The family saw “The Wizard of Oz” at Starlight last week, a new version, with additional songs by Andrew Lloyd Webber, and Tim Rice. Jonathan’s already posted his review of it, but I wanted to write one of my own.
The new songs (and occasionally additional lyrics for the old songs) fit in well stylistically with the rest of the show, which is one thing I had wondered about when I first heard about it. I think my favorite new song was “The Wonders of the World,” sung by Professor Marvel (with a few interjections by Dorothy) as he puts on his magic lantern show for her.
One thing I always look for when seeing a stage version of “The Wizard of Oz”, is whether the lead actress tries playing Dorothy, or instead plays Judy Garland. Judy played the part well in the movie, but that by far isn’t the only interpretation possible for the role. I’m pleased to note, that was indeed the case for this production. It probably helped that we first saw Dorothy in tattered overalls, rather than in her dress, which gave a totally different view of the character. (She did change into her blue checked dress before winding up in Oz.)
Indeed, none of the characters were costumed like in the movie, most notably the Scarecrow, and Glinda (who wore a black sequined dress, very striking, but about as far from pink fluff as you could get).
I enjoyed most of the characterization, except for the Scarecrow. One of the main points of the book (and, to a lesser extent, the MGM movie) was that the Scarecrow, the Tin Woodman, and the Cowardly Lion, didn’t actually need the boons they were trying to get from the Wizard. The Scarecrow, in spite of his lack of brains, was always coming up with good ideas, or at least asking good questions. The Tin Woodman was so tender-hearted, he cried when he stepped on some ants (and rusted his jaw shut). The Cowardly Lion faced down monsters (and Baum could come up with some hideous monsters), and jumped across deep chasms, in spite of being afraid while he did so. But in this version of the show, the Scarecrow wasn’t very smart. And he remained not very smart until the Wizard put the diploma in his hand, and he rattled off the same fake equation that the Scarecrow did in the movie.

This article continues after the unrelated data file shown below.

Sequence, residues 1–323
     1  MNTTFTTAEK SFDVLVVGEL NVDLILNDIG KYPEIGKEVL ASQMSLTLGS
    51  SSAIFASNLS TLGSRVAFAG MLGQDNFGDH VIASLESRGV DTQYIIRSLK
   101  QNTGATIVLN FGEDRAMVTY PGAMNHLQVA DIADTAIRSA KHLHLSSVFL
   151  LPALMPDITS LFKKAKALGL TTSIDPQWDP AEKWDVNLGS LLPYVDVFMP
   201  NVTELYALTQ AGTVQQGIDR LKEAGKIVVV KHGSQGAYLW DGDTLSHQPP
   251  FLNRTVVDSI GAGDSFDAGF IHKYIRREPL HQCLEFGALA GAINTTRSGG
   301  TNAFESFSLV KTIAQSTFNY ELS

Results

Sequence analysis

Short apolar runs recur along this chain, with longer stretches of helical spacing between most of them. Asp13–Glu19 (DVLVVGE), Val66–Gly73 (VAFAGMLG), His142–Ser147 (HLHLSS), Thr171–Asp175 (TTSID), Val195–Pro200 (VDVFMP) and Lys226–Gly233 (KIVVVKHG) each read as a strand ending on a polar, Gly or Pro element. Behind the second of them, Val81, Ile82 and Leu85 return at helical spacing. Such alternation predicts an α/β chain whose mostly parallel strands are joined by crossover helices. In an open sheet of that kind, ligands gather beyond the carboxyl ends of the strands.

If he had not been very smart when he first fell off the pole in the cornfield, and grown smarter as the show went on (say having an idea when they were stuck in the poppy fields, with Dorothy and the Lion asleep, and the Tin Woodman rusted, and he was in charge for that short period of time), and gradually worked up to the point that when they were going to rescue Dorothy from the Wicked Witch of the West’s castle the other characters were looking to him to come up with ideas (especially if none of them realized that’s what they were doing), I would have appreciated it much more.
The show relied heavily on cinematographic effects, showing things like the interior of the tornado, and the thousands of flying monkeys as short movies on the scrim. For the most part this was good, though when we watched Dorothy being carried off by flying monkeys as a cinematographic effect, I wondered if they were using it too much, when they could have done better with practical effects.
I did enjoy much of the humor in the show, such as when we focused on the Scarecrow, Tin Woodman, and Lion after Dorothy had been carried off. The Scarecrow’s arm had been torn off (“That’s you all over!”) and the other two were waving it around for emphasis all through the song while they were trying to decide what to do, while the poor Scarecrow kept trying to grab it. Then, when Toto ran up, the Lion picked him up, and asked him where Dorothy was. One of the other characters said, “Don’t be silly, animals don’t talk.” The Lion just gave him a look. To the audience he gestured to the dog, to himself, and gave a shrug.
All in all, the show was one I thoroughly enjoyed.